The political drama is starting early this year, as the run-up to the 2021 Municipal Elections begins in earnest. The North West municipality of Mamusa – home to the town of Schweizer-Reneke – is holding a by-election in nine of its wards, as the region looks to build a new council. The old one was dissolved in October.
Mamusa Municipal Elections: Fear and voting in Schweizer-Reneke
Around 28 000 voters are expected to make their voices heard at the ballot boxes, and the select crowd may just be having a bigger say than they realise. This key battleground isn’t just of local importance, but of national significance too. That’s because we are about to learn how the land lies for political loyalties.
The ANC-run council collapsed in spectacular fashion here just a few months ago. Administrative and service delivery issues had become so lamentable, even the most die-hard supporters of the governing party reached their wit’s end – and that enabled a single-issue party to swallow-up some of that disenfranchised support.
How many seats are available in the council?
Forum 4 Service Delivery (F4SD) were the second-most popular party in the local municipality before it was disbanded. They are hoping for a similar performance on Tuesday, and their sole focus on providing basic services to the people has certainly struck a chord with residents. Here’s how the council previously looked:
- ANC: 11 seats
- Forum 4 Service Delivery: Three seats
- EFF: Two seats
- DA: One seat
- FF Plus: One seat
ANC vs DA in Schweizer-Reneke showdown
This week, eight former ANC seats and a previously-held DA location will be subject to the ballot box. For the ANC, the stakes are high: This is a region they have fundamentally disappointed, and public opinion has swung substantially since the 2016 Municipal Elections. But even then, the signs of discontent may not be enough to nudge them down the pecking order, considering they enjoyed +60% of the vote in a majority of wards.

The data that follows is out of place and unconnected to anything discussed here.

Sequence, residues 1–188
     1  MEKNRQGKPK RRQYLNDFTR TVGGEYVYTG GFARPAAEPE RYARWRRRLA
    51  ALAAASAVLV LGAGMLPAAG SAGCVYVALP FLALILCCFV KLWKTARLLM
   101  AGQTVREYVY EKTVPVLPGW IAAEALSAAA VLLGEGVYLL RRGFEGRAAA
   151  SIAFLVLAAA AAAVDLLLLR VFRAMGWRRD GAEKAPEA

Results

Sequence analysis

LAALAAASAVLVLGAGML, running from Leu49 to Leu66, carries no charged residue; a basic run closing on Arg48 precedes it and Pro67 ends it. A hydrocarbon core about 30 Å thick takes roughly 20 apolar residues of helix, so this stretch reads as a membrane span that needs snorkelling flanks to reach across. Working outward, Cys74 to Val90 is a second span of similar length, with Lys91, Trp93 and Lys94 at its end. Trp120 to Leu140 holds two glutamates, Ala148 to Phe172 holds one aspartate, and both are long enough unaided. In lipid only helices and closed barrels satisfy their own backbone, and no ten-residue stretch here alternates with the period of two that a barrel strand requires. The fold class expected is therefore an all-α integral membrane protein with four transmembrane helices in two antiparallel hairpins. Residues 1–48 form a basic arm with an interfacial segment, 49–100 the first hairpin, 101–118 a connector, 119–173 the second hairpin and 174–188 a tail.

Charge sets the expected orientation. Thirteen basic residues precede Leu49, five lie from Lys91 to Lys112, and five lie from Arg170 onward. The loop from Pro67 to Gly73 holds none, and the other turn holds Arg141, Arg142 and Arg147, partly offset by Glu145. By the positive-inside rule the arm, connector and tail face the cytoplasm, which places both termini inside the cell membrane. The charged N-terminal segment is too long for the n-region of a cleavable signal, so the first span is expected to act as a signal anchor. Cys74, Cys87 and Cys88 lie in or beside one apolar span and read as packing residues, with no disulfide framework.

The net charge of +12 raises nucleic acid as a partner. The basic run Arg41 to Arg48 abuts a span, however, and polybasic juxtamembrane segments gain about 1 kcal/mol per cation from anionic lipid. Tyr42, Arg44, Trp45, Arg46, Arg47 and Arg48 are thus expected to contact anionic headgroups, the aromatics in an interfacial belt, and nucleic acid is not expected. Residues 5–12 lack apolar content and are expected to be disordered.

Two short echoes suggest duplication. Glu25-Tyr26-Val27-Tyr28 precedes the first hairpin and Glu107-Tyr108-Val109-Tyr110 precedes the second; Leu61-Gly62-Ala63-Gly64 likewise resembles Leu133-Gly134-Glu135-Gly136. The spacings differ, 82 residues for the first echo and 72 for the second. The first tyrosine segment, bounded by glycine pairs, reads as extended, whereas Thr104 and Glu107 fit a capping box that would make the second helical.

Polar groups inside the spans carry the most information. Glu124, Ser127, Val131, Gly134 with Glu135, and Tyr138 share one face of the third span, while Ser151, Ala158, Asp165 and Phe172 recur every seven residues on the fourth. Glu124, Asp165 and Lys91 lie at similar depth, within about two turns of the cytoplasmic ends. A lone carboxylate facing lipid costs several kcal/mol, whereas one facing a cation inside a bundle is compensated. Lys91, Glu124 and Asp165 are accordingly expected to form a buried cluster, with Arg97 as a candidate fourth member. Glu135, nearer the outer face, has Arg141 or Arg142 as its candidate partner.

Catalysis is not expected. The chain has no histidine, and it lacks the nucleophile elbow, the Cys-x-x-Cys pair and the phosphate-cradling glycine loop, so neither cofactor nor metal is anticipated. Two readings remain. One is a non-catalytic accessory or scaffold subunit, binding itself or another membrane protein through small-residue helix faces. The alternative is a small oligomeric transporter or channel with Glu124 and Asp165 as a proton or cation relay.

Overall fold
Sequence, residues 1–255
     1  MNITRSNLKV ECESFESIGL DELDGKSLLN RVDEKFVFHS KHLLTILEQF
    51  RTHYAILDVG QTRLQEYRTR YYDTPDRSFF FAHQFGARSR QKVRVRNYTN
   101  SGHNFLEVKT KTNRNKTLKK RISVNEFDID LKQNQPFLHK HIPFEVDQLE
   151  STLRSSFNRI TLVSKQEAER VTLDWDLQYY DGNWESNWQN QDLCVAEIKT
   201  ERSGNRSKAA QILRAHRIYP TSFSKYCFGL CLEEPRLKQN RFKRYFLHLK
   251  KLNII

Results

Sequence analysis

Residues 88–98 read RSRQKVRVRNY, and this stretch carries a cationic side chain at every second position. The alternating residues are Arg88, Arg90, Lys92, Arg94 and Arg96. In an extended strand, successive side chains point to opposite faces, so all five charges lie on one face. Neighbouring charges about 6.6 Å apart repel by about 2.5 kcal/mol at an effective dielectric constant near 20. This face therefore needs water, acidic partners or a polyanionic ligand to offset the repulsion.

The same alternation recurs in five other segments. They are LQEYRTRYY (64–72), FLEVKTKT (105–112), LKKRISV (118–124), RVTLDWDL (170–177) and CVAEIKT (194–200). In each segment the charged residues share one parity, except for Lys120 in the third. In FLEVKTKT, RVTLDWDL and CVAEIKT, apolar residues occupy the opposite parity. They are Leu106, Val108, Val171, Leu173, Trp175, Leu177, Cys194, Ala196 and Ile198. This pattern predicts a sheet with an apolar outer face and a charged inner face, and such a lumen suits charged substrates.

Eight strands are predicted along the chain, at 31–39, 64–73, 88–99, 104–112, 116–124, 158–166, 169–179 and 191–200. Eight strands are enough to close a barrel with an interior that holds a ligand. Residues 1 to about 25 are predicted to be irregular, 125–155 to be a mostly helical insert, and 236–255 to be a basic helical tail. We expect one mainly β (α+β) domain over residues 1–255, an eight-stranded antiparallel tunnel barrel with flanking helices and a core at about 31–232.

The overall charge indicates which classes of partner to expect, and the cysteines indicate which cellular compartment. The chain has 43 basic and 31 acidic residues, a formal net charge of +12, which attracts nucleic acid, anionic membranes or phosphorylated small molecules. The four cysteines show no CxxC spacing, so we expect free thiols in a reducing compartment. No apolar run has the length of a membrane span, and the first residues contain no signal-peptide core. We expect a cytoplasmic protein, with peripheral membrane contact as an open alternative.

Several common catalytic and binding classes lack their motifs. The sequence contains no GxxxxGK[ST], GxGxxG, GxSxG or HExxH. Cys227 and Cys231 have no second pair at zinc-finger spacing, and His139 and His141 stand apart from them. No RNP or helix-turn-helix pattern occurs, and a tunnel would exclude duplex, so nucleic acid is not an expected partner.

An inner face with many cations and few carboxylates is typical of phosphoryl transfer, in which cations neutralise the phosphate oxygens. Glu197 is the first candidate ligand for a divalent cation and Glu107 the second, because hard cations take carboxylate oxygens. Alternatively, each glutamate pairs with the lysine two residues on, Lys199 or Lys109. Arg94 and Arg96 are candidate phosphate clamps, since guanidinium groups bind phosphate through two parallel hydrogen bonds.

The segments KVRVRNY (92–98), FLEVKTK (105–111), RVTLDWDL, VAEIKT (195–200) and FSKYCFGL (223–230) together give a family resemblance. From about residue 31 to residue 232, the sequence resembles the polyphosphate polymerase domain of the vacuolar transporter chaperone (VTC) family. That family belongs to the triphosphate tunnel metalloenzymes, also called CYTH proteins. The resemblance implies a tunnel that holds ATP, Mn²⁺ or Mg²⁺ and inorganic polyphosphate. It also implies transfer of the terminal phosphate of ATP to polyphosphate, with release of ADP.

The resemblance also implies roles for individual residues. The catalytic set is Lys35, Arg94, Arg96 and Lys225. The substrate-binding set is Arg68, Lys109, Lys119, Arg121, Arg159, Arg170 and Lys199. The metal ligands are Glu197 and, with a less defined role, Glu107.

It’s a great honour to interact with communities around Schweizer-Reneke.
Eskom’s failure to keep the lights on is severely affecting communities and businesses here.
We are in a race against time to transform the energy landscape to help stabilise our economy and save jobs.
The DA have also arrived at the roulette table, ready to roll the dice. Holding on to their ward would be a significant achievement, after the party spent the best part of 2019 in free-fall. The main opposition of South Africa have seen their vote share plummet, at both a national and local level. A successful result here – and the possibility of gaining a seat or two on the Mamusa Council – could be the catalyst the Blues desperately need.
Learning ahead of 2021
Essentially, this is one of the biggest by-elections of the year, just 14 days after we stepped into 2020. It is seen as a dry-run for the parties ahead of next year’s Municipal Elections, and a test of their abilities to gain the trust of regions who have been badly let-down. For the ANC, this will reflect how loyal their supporters will remain. For the DA, it will indicate if they’re capable of challenging when the chips are down.
And, for all the others, this ballot represents opportunity. F4SD show that voters can be swayed by strong, succint policy direction. The EFF saw growth in the province during 2019, and following Julius Malema’s visit on Sunday, the red wave couldn’t wish for a better chance to bolster its support in this part of the country.
Mamusa Elections: The wards up for grabs on Tuesday
- Ward 1: ANC had 61.81% of the vote in 2016.
- Ward 2: ANC had 53.43% of the vote in 2016.
- Ward 3: ANC had 53.12% of the vote in 2016.
- Ward 4: ANC had 79.57% of the vote in 2016.
- Ward 5: ANC had 68.53% of the vote in 2016.
- Ward 6: ANC had 68.07% of the vote in 2016.
- Ward 7: ANC had 52.08% of the vote in 2016.
- Ward 8: ANC had 75.56% of the vote in 2016.
- Ward 9: DA had with 21.38% of the vote in 2016.